Writer and Associate Professor
Who better to teach American literature than a resident alien who was born in Zambia? That's how Namwali Serpell, a self-identified outsider, sees it. Serpell, a writer and associate professor at the University of California, Berkeley, gives her Brief But Spectacular take on being an immigrant.
JUDY WOODRUFF: Finally, another installment in our Brief But Spectacular series.
Namwali Serpell is a Zambian-born writer and associate professor of English at the University of California, Berkeley.
Her first novel, "The Old Drift," comes out next year, but, here, she describes her own story.
NAMWALI SERPELL, Author: There are all these different terms for what an immigrant is in America, when you have the permission to stay.
There's permanent resident, there's resident alien. Immigration officials are really funny with me, because they look at my permanent resident card. And I'm always very anxious about this when I'm at the — I mean, will they let me back in? Can I still be here?
I teach American literature. And I start out all of my courses by saying, you might be wondering why a Zambian citizen and a resident alien of the United States is teaching you the history of American literature. But who better than an outsider to teach you about American literature?
All of the great literature of the U.S. is told through the story of an outsider, Nick Carraway in "Gatsby" or Humbert Humbert in "Lolita."
Being on the outside or being an alien is the condition of being American. And it's a way to see the country from within, but also with a different perspective.
I remember when my parents told me we were moving to the States. My sisters and I were really excited. For me, at age 8, it was a pretty intense shift. I had kids kind of making fun of me, making fun of my hair, making fun of my accent.
I remember very specifically a kid asking me in the cafeteria in fifth grade, what are you, not, who are you, and not what race are you, but what are you? And what she meant was, are you black or white?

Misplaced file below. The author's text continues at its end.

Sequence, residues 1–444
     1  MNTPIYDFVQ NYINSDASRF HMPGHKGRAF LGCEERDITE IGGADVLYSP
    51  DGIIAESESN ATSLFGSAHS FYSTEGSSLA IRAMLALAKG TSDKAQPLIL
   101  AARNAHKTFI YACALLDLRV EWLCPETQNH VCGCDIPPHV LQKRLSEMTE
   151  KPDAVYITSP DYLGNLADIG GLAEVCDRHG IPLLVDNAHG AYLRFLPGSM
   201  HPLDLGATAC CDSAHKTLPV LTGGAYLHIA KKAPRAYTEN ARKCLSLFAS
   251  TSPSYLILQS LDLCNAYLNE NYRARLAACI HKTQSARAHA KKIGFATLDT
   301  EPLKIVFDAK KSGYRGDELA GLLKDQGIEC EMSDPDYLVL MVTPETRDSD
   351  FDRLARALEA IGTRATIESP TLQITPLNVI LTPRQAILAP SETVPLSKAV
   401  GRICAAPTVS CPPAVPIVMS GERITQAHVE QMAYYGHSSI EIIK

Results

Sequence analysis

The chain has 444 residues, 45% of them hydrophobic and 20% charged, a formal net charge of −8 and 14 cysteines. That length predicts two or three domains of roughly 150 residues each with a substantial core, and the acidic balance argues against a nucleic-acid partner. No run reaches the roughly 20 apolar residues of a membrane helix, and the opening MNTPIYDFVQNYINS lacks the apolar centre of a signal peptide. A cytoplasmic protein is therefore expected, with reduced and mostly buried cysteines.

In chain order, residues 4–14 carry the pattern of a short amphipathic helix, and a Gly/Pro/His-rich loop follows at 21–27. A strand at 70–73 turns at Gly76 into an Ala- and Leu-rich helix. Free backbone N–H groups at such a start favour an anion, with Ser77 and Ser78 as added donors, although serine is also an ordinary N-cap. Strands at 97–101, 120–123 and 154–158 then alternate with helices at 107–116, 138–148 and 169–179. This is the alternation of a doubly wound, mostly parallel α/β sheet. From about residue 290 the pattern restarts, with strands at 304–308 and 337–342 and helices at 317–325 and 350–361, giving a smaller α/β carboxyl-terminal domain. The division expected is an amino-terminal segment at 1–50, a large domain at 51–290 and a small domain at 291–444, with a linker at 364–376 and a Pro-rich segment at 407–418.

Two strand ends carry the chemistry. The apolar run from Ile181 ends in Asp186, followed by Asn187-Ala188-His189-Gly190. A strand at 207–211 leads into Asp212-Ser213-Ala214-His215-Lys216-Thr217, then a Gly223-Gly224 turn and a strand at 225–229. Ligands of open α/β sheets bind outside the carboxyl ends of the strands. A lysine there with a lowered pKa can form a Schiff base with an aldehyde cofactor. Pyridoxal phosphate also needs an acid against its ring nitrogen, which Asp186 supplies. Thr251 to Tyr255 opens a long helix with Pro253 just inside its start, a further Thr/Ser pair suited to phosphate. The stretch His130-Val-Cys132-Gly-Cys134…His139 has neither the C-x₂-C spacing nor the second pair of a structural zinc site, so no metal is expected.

I asked my dad, my white father, who's a psychologist. He said: "You're a citizen of the world. You are human."
And that answer was very unsatisfactory. It was only in college that I really started to say I'm black, because, in America, I'm black, and that's how I'm recognized.
I went back for a year to Zambia during high school, which was very difficult. Everyone was like, why do you wear your hair curly and natural? They didn't like the punk rock T-shirts I was wearing or the big sweats and sneaks. I thought I was a skater chick.
People often want to say, you're African. And I'm like, Africa is a huge continent. It's not a country. I feel Zambian, and then I feel American. Those are my identities, even though, technically, I am an alien in this country, and, when I go back to Zambia, I don't exactly fit in there either.
And I realized that I could use this to my advantage, that you can actually leverage being an outsider in order to be the most unique and be the biggest voice in the room, and bring a new perspective to things that everybody else takes for granted.
My name is Namwali Serpell, and this is my Brief But Spectacular take on being an alien.
HARI SREENIVASAN: You can find more of our Brief But Spectacular videos online at pbs.org/newshour/brief.